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Daylight dwindles and the cold creeps upon us. Borne upon windy skies, thousands of butterflies begin the long journey south, determined to reach warmer temperatures for a chance to live. With the delicate beauty of their wings, the butterfly is widely styled as a symbol of grace. Yet when viewed within the context of its migration—an environmentally treacherous voyage that requires enormous strength—the insect also becomes an emblem of perseverance.
In his massive sculpture Mariposa/Butterfly, Hector Dionicio Mendoza portrays the insect through a lens that blends power and elegance. Broad, sweeping wings extend in four quadrants from a driftwood thorax, which is topped with a large, muscular, metal hand, fingers tucked into a fist. The hand is coated in golden paint, which seems to trickle down its black forearm as though it is blood. Whose hand is raised here, and why is it raised in protest?
The two wings at the top are decorated with straight, multicolored streaks, directing our gaze toward the center of the artwork. The bottom wings, however, have tips adorned with the reverse silhouettes of plants; white impressions of flora are printed on a black surface, rather than black images surrounded by white. The simple, two-palette color scheme of the bottom wings contrasts the flamboyant polychrome of the top ones; another duality presented by Mendoza. Perhaps the streaks of color are meant to imitate the rays of the sun as they shine down upon the plants below, imbuing them with life.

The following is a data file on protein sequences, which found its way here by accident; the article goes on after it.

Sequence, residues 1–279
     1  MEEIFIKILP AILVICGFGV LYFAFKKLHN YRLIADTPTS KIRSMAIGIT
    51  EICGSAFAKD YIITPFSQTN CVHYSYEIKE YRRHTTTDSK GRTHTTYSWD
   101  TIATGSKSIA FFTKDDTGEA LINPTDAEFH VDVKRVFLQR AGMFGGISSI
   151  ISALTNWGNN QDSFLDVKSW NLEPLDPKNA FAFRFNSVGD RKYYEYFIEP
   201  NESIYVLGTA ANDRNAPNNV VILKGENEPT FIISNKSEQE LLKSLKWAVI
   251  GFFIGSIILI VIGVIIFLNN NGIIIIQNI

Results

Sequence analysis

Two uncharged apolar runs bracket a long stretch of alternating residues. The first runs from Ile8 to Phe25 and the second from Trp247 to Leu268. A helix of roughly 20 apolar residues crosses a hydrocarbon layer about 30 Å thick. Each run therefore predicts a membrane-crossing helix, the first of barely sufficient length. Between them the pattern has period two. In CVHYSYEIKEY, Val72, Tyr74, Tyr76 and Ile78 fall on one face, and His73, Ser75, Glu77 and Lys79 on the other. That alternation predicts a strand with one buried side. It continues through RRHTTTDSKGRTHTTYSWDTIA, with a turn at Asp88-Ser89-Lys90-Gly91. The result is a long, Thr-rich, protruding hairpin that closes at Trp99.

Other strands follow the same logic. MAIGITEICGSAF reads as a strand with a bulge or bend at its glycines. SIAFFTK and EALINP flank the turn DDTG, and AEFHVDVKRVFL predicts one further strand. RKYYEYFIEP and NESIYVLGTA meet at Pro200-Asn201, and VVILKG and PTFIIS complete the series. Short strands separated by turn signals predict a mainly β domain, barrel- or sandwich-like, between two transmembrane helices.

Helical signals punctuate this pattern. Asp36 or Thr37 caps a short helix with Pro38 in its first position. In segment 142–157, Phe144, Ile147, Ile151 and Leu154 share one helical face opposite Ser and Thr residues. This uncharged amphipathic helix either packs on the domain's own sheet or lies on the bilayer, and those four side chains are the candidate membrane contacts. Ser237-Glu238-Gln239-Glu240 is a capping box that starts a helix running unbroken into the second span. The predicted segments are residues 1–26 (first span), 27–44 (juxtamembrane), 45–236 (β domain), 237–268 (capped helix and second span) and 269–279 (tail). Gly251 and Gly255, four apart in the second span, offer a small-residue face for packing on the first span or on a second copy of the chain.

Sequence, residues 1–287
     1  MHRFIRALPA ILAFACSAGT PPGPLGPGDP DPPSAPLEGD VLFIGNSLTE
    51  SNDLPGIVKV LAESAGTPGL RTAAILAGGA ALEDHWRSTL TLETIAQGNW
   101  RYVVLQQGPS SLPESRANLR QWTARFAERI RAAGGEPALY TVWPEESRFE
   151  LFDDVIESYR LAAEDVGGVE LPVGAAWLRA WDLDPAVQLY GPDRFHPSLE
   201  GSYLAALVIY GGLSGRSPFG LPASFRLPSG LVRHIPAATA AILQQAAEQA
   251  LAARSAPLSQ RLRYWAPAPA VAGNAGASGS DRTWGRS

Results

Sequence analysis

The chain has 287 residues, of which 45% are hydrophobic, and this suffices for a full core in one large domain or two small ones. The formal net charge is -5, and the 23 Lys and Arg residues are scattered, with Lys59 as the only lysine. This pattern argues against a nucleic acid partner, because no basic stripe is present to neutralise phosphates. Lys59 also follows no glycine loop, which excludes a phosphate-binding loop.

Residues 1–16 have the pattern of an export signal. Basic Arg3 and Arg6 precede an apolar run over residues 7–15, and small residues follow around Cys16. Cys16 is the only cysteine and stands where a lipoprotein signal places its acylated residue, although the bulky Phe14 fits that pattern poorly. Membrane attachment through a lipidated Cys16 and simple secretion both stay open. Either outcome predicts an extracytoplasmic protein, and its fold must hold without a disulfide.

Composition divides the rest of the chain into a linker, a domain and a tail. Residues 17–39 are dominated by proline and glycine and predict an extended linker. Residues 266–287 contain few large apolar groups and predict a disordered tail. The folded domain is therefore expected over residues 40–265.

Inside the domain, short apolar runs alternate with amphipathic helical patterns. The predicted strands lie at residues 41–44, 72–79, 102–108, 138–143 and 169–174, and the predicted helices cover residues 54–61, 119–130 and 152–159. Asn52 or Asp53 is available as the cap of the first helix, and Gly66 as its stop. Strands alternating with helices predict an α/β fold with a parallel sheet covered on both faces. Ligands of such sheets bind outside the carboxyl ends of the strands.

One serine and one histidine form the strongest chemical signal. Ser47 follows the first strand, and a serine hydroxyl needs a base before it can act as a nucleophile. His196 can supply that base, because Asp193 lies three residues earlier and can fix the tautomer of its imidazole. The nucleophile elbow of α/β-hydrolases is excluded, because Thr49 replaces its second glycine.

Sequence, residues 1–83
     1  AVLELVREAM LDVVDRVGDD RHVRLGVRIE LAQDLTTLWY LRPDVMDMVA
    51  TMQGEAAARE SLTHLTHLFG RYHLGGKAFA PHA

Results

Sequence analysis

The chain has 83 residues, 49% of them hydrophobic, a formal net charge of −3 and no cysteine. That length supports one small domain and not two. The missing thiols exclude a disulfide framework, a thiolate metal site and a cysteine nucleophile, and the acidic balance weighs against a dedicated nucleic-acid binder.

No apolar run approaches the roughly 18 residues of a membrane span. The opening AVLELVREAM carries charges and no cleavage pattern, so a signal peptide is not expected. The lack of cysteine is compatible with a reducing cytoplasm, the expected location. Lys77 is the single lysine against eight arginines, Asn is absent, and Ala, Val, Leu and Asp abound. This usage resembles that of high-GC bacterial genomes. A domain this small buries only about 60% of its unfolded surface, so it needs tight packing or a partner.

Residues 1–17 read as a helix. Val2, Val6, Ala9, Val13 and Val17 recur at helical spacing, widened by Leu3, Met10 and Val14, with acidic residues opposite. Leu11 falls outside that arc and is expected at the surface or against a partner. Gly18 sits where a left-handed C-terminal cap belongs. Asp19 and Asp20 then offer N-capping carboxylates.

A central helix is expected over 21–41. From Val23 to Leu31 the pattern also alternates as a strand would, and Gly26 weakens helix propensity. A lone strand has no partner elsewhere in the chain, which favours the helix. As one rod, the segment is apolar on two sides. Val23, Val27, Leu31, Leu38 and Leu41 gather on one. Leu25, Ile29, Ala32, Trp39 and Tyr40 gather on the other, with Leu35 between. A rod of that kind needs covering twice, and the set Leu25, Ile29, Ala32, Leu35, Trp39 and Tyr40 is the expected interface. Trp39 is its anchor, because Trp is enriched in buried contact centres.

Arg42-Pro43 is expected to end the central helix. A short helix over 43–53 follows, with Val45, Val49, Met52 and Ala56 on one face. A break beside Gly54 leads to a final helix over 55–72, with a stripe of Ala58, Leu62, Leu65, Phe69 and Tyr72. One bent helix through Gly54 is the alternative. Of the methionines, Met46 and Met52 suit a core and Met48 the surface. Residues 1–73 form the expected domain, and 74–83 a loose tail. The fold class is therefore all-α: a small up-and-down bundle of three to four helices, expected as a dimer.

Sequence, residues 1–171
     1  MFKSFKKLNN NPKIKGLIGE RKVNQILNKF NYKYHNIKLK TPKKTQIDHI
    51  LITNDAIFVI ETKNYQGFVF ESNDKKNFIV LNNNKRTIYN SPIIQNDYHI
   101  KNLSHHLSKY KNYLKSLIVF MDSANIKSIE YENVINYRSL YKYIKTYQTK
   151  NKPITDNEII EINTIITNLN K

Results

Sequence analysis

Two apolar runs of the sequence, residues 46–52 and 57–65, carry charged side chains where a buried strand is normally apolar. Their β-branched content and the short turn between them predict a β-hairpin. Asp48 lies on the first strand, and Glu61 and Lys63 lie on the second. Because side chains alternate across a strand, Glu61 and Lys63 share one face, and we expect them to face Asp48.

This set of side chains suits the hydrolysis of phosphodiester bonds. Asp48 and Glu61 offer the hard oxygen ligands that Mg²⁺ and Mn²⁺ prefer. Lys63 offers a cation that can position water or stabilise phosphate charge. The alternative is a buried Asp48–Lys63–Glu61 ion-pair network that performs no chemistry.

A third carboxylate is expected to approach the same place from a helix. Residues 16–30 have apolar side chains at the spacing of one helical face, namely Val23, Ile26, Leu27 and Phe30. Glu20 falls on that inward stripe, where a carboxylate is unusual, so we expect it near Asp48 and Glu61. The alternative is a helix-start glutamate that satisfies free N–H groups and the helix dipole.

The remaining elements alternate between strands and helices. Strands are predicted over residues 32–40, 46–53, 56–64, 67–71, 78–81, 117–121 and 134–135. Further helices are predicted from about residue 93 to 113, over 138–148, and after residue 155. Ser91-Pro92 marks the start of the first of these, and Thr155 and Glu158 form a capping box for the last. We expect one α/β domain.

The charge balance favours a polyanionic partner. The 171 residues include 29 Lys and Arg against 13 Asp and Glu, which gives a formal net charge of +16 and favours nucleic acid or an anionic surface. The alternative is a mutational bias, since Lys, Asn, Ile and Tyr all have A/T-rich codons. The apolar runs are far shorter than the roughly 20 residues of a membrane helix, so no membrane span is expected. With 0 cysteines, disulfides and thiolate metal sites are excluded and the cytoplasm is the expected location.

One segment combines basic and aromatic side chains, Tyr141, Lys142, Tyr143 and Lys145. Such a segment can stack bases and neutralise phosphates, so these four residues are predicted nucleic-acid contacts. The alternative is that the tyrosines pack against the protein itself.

As our gaze travels inward, our attention is interrupted by strange, mechanical holes of varying sizes, scattered within the inner plane of the wings. Some are completely hollow; others merely form the impression of a hole, but do not actually pierce through the surface. They appear almost industrial, as though they belong alongside the gears of a clock. Here, manmade innovation intersects with the natural qualities of the butterfly.
Perhaps the most compelling aspect of Mendoza’s sculpture is the ethnic bread that is baked within its skin. Mendoza, who was born in Mexico, used masa flour, a bread pulp similar to a tortilla, to decorate the inner portions of the wings as they come together at the wooden thorax. The decoration, along with the mechanical holes, provides the wings with a rich texture that is amplified by the rough-hewn surface of the wood. The butterfly is not flat or one-dimensional, but rather, complex and multilayered.
Power, beauty, complexity. These qualities, embodied in Mendoza’s sculpture, suggest a larger theme surrounding the immigrant experience in the Americas. The monarch butterfly has been claimed by proponents of the Deferred Action for Childhood Arrivals program and has come to represent the journeys of thousands of immigrants to the United States. It describes immigration as a beautiful, transformative, and hopeful act for thousands of people. Simultaneously, it recognizes the necessary strength and tenacity of immigrants when attacked by political barriers and xenophobic intolerance.
Mendoza’s inclusion of blended materials celebrates the cultural diversity of immigrants, while his artistic union of dualities recognizes that the immigrant experience is not monolithic. Every migrant has their own story, their own hardships, their own journey; each something to be cherished as a crucial part of one’s identity.
Today, Mariposa/Butterfly is on display at the Mount Holyoke College Art Museum, mounted on a wall that faces the entrance. For the curious art enthusiasts who enter, it is likely to be the first work in the collection that they notice, and with its multifaceted complexities, it most certainly deserves this honor. The work was selected for curation by Vanessa Rosa, Assistant Professor of Latino/a Studies, and David Hernandez, Associate Professor of Latino/a Studies, of Mount Holyoke College.
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